This is also reflected with the visitors, who can be seen as challenges that entice the ego, to lure it into false fulfilment, away from the enlightenment that lies within the soul. In many ways, the visitors are manifestations of such ego-desires, or sins; they act freely without inhibitions, they fornicate, they steal, they crave salvation. Interestingly, in mother!, celebrity worship replaces religious deity, a nod toward fame being an ego-driven, modern substitute for God.
When Mother gives birth she introduces the purist element of the film. The newborn has no ego, no doctrine, no religion. It's essence is spiritually free, explaining why many eastern religions advocate the need to be more like children. However, the ego-driven hoards can't handle purity, they devour it, literally, their own craving causing the death of the untainted.
Bardem's character shows signs of gluttony (often referred to as a sign of selfishness), greed (in the manner he seeks adulation), despondency (his struggle with writer's block) and wrath (his outburst of anger). As an interesting side note, Mother takes on the role of temptress for Him to commit the two final sins — she provokes him into seducing her (lust) and doesn't let him hold their newborn child (envy) — thus completing the set and, potentially, unveiling the film's true message.
Is Mother The Divine Feminine?
On top of testing Him's ability to show restraint and avoid sin, there are more signs that Mother is ushering Him toward enlightenment. After supporting him through writer's block, she cries as she reads his finished poem. In that moment, she believes, having attained his goal, Him may be close to enlightenment and overcoming his ego-driven desire ("will I lose you?"). However, he immediately informs his publisher and the press, seeking fame. Mother realises, to her disappointment, his work has become another extension of his ego.
This leads me onto the crux of this article. I don't believe Him is God. In fact, there's enough to suggest Mother is God, or at least the true divinity of the film. At the end, we're shown that the Him is masculine God, the creator. He takes pride in his creation. He takes pride in the fact that he remains, while Mother does not. But out of the two, it's Mother who acts Godlike. She surrenders, wholly. Despite everything, she gives her heart, her essence, to allow Him to continue. This leads me to a biblical quote, Galatians 2:20, which states:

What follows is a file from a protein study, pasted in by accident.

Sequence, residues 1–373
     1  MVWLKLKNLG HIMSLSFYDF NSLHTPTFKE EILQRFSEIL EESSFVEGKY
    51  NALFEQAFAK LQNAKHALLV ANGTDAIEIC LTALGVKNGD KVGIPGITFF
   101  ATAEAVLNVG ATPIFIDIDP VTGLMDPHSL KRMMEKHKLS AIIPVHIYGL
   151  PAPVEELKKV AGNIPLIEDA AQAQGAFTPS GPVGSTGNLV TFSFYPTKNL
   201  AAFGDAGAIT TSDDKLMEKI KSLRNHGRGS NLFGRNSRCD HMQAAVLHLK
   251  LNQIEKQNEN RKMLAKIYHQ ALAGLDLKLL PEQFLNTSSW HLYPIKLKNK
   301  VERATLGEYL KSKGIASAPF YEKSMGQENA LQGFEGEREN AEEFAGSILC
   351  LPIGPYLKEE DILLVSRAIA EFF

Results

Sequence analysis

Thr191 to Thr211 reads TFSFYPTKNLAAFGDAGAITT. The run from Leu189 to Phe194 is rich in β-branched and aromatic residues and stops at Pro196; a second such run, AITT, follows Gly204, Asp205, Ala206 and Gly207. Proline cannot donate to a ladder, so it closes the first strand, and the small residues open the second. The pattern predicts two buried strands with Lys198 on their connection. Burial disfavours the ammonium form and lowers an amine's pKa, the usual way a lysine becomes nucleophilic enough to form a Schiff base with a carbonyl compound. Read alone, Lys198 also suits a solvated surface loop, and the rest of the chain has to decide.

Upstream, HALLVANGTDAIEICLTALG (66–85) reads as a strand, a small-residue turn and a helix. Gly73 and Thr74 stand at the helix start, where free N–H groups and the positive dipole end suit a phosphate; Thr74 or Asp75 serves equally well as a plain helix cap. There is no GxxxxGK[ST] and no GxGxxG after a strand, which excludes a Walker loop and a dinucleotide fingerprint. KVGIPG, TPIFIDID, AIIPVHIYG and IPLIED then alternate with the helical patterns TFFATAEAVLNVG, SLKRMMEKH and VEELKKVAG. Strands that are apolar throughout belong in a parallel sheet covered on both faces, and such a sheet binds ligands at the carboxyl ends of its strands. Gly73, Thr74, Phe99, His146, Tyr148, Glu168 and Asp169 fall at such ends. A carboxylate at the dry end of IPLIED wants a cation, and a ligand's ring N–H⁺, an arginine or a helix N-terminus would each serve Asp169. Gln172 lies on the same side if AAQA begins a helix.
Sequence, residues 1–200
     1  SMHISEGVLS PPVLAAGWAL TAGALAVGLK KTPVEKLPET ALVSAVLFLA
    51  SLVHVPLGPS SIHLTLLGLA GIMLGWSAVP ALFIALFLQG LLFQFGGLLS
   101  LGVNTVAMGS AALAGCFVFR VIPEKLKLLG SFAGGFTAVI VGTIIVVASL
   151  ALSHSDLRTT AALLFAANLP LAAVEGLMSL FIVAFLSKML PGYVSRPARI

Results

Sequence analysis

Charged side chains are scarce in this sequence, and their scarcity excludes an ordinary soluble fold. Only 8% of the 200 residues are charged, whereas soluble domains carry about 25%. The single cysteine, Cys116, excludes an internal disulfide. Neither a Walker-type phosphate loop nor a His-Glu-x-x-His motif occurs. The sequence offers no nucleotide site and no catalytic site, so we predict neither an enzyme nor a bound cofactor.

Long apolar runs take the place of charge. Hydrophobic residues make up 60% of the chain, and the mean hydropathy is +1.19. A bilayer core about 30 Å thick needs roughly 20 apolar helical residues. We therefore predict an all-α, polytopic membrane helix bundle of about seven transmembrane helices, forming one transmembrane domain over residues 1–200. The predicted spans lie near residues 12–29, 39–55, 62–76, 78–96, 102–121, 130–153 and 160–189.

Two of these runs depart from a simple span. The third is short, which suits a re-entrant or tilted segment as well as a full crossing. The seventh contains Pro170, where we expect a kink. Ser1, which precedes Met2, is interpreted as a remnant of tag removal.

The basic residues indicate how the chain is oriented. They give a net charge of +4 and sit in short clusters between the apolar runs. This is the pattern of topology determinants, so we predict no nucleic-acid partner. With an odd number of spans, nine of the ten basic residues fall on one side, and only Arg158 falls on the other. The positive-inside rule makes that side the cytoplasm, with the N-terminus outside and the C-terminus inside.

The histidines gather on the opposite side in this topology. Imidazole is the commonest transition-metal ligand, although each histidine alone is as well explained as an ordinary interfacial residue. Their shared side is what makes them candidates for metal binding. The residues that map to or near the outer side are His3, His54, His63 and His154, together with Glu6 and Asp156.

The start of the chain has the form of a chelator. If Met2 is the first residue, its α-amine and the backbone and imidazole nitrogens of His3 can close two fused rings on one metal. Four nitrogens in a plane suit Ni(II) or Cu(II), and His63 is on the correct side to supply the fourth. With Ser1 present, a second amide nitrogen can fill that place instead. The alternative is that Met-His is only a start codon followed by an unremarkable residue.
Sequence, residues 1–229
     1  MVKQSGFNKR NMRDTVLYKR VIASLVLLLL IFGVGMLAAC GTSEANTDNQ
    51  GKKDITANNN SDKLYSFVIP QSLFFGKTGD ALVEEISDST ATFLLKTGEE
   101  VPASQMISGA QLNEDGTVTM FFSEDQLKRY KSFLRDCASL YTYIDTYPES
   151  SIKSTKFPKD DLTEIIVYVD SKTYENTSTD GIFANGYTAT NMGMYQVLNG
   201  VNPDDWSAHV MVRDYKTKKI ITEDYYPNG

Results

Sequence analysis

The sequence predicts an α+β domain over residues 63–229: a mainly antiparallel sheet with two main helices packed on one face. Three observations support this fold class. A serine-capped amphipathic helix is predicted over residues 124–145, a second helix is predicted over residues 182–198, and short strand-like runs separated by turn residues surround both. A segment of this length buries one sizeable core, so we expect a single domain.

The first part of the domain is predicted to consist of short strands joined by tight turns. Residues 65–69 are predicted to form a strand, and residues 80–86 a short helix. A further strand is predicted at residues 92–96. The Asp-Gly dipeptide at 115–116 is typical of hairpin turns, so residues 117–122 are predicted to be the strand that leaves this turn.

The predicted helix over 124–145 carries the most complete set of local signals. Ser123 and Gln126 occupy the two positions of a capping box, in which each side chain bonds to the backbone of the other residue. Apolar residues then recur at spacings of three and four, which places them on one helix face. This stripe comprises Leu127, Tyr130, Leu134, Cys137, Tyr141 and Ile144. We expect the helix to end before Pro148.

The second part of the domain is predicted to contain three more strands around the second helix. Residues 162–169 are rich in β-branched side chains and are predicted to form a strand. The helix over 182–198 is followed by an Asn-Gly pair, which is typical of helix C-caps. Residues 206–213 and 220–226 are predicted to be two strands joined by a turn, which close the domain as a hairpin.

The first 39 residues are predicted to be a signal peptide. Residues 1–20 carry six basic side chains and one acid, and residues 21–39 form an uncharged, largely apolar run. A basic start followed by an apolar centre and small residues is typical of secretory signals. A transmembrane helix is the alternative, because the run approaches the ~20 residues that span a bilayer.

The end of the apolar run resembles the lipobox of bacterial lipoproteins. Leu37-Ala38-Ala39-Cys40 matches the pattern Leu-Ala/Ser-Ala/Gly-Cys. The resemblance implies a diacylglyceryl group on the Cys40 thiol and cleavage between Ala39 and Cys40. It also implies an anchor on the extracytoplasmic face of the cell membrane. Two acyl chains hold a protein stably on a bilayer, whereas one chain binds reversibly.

"I have been crucified with Christ; and it's no longer I who live, but Christ lives in me; and the life which I now live in the flesh, I live by faith in the Son of God, who loved me and gave Herself up for me."
This text, it's the Son of God who surrenders, and gives "Himself" (I've switch the gender pronoun for clarity), so it is no longer "I" who lives. In a biblical bait-and-switch, I believe that Aronofsky is making a claim that the divine feminine is God, and man's masculine creation only "thinks" he is God — but as discussed, thinking is a manifestation of the ego. If this is the case, the ending takes an interesting twist.
While Him makes out Mother's didn't live up to his high expectations, instead, it's Him who is failing the test. Like Sisyphus, he's forced into repetition until he learns his lesson. What's the lesson? To avoid the cycle of destruction, "I" (Him) must transcend his ego to become connected with being, or pure awareness (symbolised by the poem which shows them connected, holding hands). In short: It's Him's responsibility to attain enlightenment to prevent the cycle of egoistic living and become one with God — "You never loved me, you loved how much I loved you," says Mother.
The question is: Is there a basis in reality to motivate Aronofsky to pursue this as a story?
The Suppressed Sacred Femininity
Unequivocally yes. Divine femininity has been seriously suppressed, throughout centuries. As highlighted by spiritual guru Eckhart Tolle, the Holy Inquisition — an institution founded by the Catholic Church — tortured and killed between three million and five million women across a 300 year period. Conversely, pre-Christian civilizations such as Sumerian, Egyptian and Celtic societies, revered and worshipped the divine female. The Holy Inquisition rebranded sacred femininity, making it demonic.
Why? As highlighted by Tolle in A New Earth, sacred femininity was rebranded due to collective ego desires taking control. Tolle argues females are more in touch with the soul, thus the ego takes a stronger hold in men. Historically, as the collective ego grew, dogma and fear-based religion was introduced. In order to flourish, the enlightened form of spirituality, in its feminine form, was censored and silenced.
Tolle adds that as a result, women were pushed to the sidelines, reduced to child bearers and objects owned by men. We see this in mother! — throughout the film, Lawrence is seen as an object of Him, her hospitality and life-giving qualities are overlooked. When Mother fulfils her child bearing purpose, she knows immediately. In that scene, the camera focuses on the sun, shining brightly. This could be an illustration of good weather...
Or, in a parable of a parable, a film abundant in metaphor and deeper meaning, it's more likely the sun represents something else — the Son of God.
What was your interpretation of mother!?